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Netman66Commented:
rutten-d - there can only be one account policy per domain that affects domain accounts.  You cannot have more than one per domain.  It cannot be blocked or overridden.

http://support.microsoft.com/kb/255550/en-us



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rutten-dCommented:
hi netman66


this is a statement made by an MCT who I got my mcse2003 upgrade from.
since the article you refer to applies to win2000 , I'm testing it at this moment in  a virtual lab on 2003 - if it does'n't work I'm going to whip some MCT booty... :-)
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rutten-dCommented:
I did some tests:

setup AD-domain with default settings ,
removed password policy settings from the Default Domain Policy ,
created two new policies - one requiring passwordlength of 10 chars , one requiring 14 chars
made policy 1 apply to computer 1 and policy 2 to computer 2

As Netman66 stated , it doesn't appear to work - although gpresult shows that the settings are applied ...
Actually - in the setup described above I was completely unable to reset my own password as an ordinary user ,
so it appears that some mechanism only accepts password policy settings from the default domain policy .

There are more things I could have tested , like deleting the defdomainpolicy , but that wouldn't be realsitic in real life.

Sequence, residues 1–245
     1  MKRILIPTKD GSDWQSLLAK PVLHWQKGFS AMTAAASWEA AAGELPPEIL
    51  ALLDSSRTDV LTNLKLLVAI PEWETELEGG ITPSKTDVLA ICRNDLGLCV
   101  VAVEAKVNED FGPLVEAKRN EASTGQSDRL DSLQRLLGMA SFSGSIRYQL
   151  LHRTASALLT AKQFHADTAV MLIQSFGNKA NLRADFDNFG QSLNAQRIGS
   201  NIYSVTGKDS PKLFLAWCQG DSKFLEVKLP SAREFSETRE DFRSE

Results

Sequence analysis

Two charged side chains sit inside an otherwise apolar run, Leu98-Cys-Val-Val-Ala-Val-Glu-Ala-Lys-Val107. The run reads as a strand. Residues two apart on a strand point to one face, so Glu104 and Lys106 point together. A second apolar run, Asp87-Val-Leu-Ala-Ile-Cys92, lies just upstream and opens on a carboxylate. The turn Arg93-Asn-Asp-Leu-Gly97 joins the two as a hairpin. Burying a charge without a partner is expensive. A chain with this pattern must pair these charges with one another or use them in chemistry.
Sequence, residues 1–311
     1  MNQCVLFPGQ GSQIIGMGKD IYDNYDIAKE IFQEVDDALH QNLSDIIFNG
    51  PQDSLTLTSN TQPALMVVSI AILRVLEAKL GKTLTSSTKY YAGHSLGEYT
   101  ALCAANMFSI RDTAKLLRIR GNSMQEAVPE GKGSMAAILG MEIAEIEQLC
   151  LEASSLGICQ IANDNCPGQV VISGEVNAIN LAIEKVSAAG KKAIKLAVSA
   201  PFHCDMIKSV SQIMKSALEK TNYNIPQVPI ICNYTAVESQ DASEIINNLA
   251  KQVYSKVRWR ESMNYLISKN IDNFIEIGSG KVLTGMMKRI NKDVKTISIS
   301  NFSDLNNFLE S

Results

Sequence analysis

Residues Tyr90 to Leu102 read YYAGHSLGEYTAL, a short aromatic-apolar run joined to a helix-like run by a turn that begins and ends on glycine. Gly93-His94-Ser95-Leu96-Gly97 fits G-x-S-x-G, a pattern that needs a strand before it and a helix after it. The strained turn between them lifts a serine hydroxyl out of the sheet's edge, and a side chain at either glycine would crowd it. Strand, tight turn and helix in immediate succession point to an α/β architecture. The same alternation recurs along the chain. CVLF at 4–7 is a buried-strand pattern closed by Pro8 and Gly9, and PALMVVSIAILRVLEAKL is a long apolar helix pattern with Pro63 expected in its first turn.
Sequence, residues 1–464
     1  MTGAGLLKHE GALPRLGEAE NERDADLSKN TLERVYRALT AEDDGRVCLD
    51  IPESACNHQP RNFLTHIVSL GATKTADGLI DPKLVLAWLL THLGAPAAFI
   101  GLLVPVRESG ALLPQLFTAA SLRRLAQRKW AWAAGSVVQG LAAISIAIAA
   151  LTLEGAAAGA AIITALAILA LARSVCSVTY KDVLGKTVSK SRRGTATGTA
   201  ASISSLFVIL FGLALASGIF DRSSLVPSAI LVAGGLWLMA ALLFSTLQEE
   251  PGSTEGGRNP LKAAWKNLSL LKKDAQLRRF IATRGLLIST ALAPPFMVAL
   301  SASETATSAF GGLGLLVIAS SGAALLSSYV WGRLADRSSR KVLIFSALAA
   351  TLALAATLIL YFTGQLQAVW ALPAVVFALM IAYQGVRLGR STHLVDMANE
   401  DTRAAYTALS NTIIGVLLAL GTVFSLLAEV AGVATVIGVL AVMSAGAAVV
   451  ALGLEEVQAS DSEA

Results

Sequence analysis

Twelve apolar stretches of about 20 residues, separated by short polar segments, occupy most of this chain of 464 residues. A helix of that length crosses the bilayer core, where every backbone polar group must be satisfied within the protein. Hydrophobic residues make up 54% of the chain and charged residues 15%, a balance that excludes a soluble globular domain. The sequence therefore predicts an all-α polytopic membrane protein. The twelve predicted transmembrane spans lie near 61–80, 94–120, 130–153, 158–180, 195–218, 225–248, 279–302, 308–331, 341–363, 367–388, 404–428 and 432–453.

Credits to you , Netman66
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Netman66Commented:
I was also an MCT for 4 years, and never heard of the technique you mentioned here.  In theory, you made an interesting point, but the reality is that Account Policies only come from the Default Domain Policy and nowhere else.

It made me think about it, and finding an article to back my statement wasn't the least bit easy.  I think it's in the Active Directory course material I used to deliver and therefore not searchable online.

At any rate, one Account Policy governs the Domain logons - any number of lower level policies can be used to govern local logons though.  However, in a domain environment, local logons aren't tremendously useful.

Regards,
NM
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rutten-dCommented:
well heco ,

i hope you got your answer...  :-)
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hecoAuthor Commented:
Thank you Netman66 and rutten-d.